When ever we talk about break ups, we usually imagine a romance ending. Some combination of guy and girl calling it quits after an epic argument or something deeper. We see in movies the post-relationship partying and blues; the tubs of ice cream consumed while friends work on lifting each other up.
What about breaking up with your best friend?
A person, who for years, you built a non-romantic relationship with. Seemingly inseparable, you could finish each other sentences and would often share talks of futures together (wedding planning, being god parents to each other, binding college and career choices).
This is a different type of break up, and one I want to keep present in conversations.
This is what happened to me. I had a high school best friend (we shall call her “D”) who built me up, but on occasion tore me down. She would help me to recognize my own intelligence and helped to give me confidence to join AP classes. We worked on drawing comics together. We planned on being each others bridesmaids, and godparents to our distant future children. As we grew, we grew apart. Towards the end of high school, we had fights. One mutual friend, “L,” I remember her specifically saying that perhaps we should no longer be friends after she found me distraught and in tears. At the time this was a devastating though, but it was something that came to fruition a few years later.
What ended our 4 year long friendship was a complex combination of actions. It’s been a few years so smaller details are fuzzy. She dove into astrology and used my Leo zodiac sign to tear me down as egotistical whenever I was proud of an accomplishment. She cheated on her boyfriend (a mutual friend of ours), lied about it, used religion to guilt him into forgiving her. She wanted me to remain silent, which I did to the most part, but after they broke up and she continued to lie to him; I shared with him the texts between us confirming her cheating so he could move on. Our relationship and all attempts at healing ended when she got married to a very controlling man. I told her I would always be there for her if she needed me, but I could no longer take her guilt trips, and being talked down to. There’s more that happened, but these are what stands out to me the most.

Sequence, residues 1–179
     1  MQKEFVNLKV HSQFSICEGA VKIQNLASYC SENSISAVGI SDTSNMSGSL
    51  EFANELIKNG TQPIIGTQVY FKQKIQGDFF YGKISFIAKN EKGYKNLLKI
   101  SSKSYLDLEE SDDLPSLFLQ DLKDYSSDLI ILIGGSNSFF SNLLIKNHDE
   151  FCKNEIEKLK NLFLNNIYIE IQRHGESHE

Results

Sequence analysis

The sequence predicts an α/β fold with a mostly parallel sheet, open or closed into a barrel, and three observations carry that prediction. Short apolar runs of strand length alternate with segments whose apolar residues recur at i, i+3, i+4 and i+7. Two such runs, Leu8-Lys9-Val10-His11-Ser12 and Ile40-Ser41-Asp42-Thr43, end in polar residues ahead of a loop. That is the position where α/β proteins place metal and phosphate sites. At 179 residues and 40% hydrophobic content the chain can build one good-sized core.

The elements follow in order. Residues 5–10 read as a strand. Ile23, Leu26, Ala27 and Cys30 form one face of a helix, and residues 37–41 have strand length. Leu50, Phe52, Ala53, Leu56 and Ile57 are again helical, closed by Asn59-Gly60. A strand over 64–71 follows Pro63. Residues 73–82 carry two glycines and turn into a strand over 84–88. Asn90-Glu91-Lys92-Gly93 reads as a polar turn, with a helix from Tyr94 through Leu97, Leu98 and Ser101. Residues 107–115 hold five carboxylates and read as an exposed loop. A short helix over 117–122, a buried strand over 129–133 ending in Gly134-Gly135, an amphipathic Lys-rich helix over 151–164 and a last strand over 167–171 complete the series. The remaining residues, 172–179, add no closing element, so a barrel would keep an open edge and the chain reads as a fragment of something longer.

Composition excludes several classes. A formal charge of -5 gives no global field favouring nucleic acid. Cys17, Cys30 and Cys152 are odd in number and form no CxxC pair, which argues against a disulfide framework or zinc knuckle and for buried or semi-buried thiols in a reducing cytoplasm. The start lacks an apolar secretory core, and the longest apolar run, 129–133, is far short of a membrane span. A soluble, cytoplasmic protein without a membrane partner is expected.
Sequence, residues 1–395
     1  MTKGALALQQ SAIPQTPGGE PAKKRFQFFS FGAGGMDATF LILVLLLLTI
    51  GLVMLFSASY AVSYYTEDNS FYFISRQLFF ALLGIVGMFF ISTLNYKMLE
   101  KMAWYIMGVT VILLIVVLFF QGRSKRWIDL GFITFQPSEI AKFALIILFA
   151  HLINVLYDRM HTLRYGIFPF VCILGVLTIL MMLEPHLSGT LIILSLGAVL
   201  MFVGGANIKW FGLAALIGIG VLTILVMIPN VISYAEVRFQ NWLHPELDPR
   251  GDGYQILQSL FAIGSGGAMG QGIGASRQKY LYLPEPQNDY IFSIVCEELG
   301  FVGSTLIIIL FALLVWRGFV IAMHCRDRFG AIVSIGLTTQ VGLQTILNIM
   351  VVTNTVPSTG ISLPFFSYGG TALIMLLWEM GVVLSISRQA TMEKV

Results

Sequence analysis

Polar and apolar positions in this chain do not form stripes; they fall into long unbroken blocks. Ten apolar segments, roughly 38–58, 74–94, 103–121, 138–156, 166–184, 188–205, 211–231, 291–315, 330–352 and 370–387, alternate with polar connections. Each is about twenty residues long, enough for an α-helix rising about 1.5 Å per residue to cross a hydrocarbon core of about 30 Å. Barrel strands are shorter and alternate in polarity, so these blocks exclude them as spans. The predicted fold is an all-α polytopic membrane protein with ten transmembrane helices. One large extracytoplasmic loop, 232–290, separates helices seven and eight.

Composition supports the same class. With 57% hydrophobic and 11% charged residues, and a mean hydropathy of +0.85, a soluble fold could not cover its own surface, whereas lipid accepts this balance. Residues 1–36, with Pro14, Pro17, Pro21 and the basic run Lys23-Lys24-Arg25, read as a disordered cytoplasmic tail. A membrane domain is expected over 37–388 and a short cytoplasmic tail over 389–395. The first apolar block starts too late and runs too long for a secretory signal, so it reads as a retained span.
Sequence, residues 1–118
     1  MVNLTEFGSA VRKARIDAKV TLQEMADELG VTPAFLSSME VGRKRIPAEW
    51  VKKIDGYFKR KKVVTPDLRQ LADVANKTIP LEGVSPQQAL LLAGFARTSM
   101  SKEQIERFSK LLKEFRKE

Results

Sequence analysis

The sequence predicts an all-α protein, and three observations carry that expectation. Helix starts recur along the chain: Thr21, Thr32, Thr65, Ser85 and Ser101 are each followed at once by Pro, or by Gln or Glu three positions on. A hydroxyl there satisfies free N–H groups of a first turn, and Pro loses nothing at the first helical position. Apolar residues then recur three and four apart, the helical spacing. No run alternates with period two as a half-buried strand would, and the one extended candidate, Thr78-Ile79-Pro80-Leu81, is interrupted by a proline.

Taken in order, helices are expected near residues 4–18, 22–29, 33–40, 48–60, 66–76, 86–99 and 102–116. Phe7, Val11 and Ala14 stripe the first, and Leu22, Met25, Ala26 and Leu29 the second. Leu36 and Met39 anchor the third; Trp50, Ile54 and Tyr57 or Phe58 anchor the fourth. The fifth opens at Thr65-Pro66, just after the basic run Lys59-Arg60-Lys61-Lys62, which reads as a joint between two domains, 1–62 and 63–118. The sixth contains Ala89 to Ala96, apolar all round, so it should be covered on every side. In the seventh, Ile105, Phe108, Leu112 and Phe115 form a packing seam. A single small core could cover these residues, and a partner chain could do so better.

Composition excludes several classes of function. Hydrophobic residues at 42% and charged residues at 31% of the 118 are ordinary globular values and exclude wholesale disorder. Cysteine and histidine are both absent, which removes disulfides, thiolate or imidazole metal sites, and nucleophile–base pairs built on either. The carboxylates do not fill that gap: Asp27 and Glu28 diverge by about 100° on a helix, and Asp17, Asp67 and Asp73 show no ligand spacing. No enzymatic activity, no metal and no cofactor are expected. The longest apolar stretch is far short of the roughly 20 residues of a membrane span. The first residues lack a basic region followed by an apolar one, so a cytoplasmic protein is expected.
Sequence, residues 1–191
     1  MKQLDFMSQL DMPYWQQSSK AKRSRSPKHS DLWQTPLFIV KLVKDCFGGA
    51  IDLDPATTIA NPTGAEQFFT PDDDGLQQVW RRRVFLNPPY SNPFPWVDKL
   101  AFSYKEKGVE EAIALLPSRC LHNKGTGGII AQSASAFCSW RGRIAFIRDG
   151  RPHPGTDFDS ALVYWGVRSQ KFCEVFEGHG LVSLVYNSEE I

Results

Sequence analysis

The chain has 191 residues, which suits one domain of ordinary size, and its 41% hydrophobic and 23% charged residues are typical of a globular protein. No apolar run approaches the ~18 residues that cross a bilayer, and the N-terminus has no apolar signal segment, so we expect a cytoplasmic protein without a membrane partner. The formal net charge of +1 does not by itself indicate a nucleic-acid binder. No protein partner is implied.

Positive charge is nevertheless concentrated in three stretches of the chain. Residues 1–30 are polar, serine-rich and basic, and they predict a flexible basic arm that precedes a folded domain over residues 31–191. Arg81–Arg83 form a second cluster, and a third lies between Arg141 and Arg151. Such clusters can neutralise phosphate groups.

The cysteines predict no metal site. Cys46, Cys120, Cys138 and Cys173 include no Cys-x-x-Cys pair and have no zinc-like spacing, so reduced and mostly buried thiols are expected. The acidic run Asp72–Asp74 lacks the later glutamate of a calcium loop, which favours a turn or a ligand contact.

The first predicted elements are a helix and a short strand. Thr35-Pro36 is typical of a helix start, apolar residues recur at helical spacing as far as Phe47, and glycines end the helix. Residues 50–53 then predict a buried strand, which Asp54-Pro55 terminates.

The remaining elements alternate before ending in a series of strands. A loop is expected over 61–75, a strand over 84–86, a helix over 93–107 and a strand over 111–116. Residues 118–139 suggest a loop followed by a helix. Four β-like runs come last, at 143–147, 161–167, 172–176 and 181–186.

After I was done, I boxed up all of her belongings, and dropped it at her front door. A liberating move at the time. I spent some time moping and mourning the relationships end.
Breaking up with your best friend is messy. It involves tears as you put a chapter of yourself to rest. If you are reading this looking to commiserate, you are not alone being broken hearted by breaking up with a close friend. It hurts, and that pain is real.
If you are looking for advice, look to new adventures. L and A (I’ve mentioned then before) remain close friends to me, and are constant sources of positive energy. Spend time redefining your future. My future no longer included D, but I was able to broaden my view to include romantic interests, college, travel, and careers. It’s amazingly liberating to re-imagine yourself.
If you’ve ever ended a friendship, share your experience below! It can be cathartic, and help guide others to a healthy way to move on.